Only a handful of filmmakers manage to win the coveted National Award with their debut film. Not only did actor-turned-director Churni Ganguly win the National Award for best Bengali feature film but also proved her mettle as a storyteller in her debut film, Nirbashito. That's not all. She has also quite intelligently tackled the subject of banishment (Taslima Nasreen's exile) in the film. Churni, who has acted in films such as Laptop, Shabdo and Rang Milanti, is elated because her actor-director and husband Kaushik Ganguly, too, bagged a National Award for Chhotoder Chhobi this year.
On a sultry afternoon, HT met Churni at her Garia home, as she spoke on freedom of expression, struggles of a woman and more: Excerpts:
Nirbashito, which is about freedom of expression, was adjudged the best feature film in Bengali at the National Awards on March 24. The same day, the Supreme Court also struck down Section 66A of IT Act (which allowed arrest for offensive content on the internet).
Yes, it was a special day and I will never forget the date. After it was confirmed that Nirbashito has been conferred the National Award, I immediately called up Taslima di. She told me that the Supreme Court has scrapped 66A of IT Act. Freedom of expression won that day.
The film bears a strong resemblance to the life of Bangladeshi author Taslima Nasreen. Yet, you haven't named the protagonist in the film.
This is not a biopic on Taslima Nasreen. I have already mentioned that earlier. Since it's not a biopic, I haven't given the protagonist a name. A lot of fiction has been weaved into the story. The film talks about the power of woman. Her struggles start the very day she is born. If a woman has an opinion, she will be ostracised, which is also a kind of exile. A country comprises men and women. If we take away the freedom of expression from a woman, it's also a kind of exile… it's the death of democracy. If I can't express my opinion freely, I gradually cease to form opinions. Even in today's society, women hesitate to form a free opinion. So, the film speaks for those women who have gone ahead and expressed their opinion. It speaks of gender equality and patriarchy. Many women who can't protest have found a voice in Taslima. So, the film is dedicated to every woman.
Everything about exiled author, Taslima Nasreen, is controversial.
All I can say is that Nirbashito has a human story. It speaks of motherly love that the author has for her pet cat. I have given an insight into the exiled author's life through her poetry. Whenever we speak of Taslima, we tend to bring in controversial elements into it. But at the end of the day she is a human being and I have tried to explore those facets of her personality. The controversial elements of her life have garnered a lot of attention, so I didn't feel the need to explore them again. There are scenes where we present Taslima's opinion too. It's a balanced film. One must know what goes against her and also what she stands for. However, I don't endorse banishment. I believe you can have an opinion not similar to her opinion, but there are other ways to answer that. There's a dialogue in the film which says burning vehicles on the road is not a way to protest. There's another dialogue which says invariably that sword wins. But I believe the pen should win. There can be debates, write ups but not banishment.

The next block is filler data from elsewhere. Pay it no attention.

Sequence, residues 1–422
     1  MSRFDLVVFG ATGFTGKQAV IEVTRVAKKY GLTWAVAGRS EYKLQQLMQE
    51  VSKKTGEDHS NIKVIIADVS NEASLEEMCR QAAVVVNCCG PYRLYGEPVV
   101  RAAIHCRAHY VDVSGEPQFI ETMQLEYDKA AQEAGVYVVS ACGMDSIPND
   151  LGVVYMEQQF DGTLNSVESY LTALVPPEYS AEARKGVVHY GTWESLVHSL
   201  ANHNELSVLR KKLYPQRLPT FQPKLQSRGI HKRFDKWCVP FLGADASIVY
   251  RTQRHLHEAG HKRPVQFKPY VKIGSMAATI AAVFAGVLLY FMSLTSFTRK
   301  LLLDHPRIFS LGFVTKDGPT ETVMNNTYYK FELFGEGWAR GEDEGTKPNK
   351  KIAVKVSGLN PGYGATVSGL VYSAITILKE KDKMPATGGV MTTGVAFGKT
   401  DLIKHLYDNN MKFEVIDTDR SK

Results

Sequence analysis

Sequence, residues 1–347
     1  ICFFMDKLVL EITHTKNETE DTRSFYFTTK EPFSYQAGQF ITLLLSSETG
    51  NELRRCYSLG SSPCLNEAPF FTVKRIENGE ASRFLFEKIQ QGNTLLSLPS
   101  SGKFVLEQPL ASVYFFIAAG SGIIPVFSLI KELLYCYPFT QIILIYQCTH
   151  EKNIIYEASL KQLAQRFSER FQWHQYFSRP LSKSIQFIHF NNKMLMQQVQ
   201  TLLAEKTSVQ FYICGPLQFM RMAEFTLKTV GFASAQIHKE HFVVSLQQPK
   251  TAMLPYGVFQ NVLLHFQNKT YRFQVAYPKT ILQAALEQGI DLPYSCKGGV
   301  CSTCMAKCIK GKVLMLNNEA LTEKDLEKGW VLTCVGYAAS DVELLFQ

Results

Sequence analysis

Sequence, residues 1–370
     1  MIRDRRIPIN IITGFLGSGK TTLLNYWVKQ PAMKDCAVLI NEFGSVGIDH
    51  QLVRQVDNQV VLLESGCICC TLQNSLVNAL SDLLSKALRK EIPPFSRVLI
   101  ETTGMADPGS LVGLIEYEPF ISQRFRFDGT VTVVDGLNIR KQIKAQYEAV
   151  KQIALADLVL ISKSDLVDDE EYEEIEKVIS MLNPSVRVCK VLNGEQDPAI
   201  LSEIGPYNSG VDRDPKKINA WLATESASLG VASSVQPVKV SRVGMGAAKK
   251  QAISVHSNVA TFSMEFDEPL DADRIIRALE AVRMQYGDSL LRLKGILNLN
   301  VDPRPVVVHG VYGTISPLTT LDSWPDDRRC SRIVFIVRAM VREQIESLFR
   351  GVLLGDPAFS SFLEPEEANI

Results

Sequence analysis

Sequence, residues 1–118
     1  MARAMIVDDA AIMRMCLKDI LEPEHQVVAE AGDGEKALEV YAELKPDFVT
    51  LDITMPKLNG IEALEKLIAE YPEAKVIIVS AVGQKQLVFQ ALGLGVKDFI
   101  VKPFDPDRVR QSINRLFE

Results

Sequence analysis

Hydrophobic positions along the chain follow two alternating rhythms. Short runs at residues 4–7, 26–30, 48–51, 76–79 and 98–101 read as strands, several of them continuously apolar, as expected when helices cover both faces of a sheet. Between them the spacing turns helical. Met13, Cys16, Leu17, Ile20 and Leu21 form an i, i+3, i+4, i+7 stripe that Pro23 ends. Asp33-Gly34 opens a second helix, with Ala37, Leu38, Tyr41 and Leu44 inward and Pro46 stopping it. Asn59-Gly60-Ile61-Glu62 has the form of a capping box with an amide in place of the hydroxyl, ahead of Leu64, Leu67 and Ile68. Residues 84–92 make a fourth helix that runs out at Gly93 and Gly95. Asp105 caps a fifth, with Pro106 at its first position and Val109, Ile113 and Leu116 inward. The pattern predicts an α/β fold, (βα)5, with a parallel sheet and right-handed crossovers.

Banishment reminds us of author Salman Rushdie and artiste Maqbool Fida Husain.
One has the freedom of expression and at times, it might hurt another person. But he or she shouldn't be ostracised. It's not possible to pacify everyone. Banishment is not the way. There has to a softer way to deal with it. When you ban a film, the curiosity to watch the film increases manifold. So, whenever the film is available on the internet, everyone jumps in to watch it. My film is a tribute to Maqbool Fida Husain. Salman Rushdie also gets mentioned in a pivotal scene.
What was Taslima Nasreen's reaction after watching the film?
It was an emotional moment for her. She didn't react to the fact that we haven't used her name because she knew the film has a lot of fiction. We have taken cinematic licence to make the film.
What made you cast yourself in the lead role?
Initially, I didn't want to cast myself in my debut film. I wanted to take somebody who bears resemblance to Taslima. During the narration, a few of my friends from the film fraternity told me that I am apt to play the character. Since I was also the director, I had to write a lot of directorial inputs in the script so that my team had no difficulty in understanding my suggestions while shooting the film.
The concept of the film belongs to Kaushik Ganguly. How did he help you while making the film?
After I narrated the first draft of the film, he was so pleased that he wanted to make a film on it. But I refused to part with it (smiles). When we went into pre-production, he was busy with Apur Panchali. Both of us shared the same directorial team and it was chaos. He went away with the directorial team to shoot for Khaad. I was really upset at one point. But later, he was proud of the fact that I had managed everything on my own.